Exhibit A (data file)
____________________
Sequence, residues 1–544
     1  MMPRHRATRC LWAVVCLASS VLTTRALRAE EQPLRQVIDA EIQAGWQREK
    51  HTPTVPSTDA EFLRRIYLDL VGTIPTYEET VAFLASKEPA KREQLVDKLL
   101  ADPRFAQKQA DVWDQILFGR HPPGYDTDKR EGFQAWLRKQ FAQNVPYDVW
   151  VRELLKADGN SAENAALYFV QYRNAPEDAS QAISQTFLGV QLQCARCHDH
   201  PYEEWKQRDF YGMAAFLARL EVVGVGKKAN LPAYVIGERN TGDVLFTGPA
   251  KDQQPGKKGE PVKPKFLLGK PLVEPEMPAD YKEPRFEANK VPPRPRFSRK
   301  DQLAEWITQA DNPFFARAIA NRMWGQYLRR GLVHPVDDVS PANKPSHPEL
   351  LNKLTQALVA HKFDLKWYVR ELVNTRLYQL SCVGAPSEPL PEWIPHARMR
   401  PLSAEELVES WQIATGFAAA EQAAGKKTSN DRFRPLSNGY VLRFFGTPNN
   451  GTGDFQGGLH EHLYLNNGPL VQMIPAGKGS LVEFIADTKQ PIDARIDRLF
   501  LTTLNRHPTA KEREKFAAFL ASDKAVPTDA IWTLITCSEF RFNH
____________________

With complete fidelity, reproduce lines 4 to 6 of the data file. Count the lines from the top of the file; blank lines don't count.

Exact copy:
   101  ADPRFAQKQA DVWDQILFGR HPPGYDTDKR EGFQAWLRKQ FAQNVPYDVW
   151  VRELLKADGN SAENAALYFV QYRNAPEDAS QAISQTFLGV QLQCARCHDH
   201  PYEEWKQRDF YGMAAFLARL EVVGVGKKAN LPAYVIGERN TGDVLFTGPA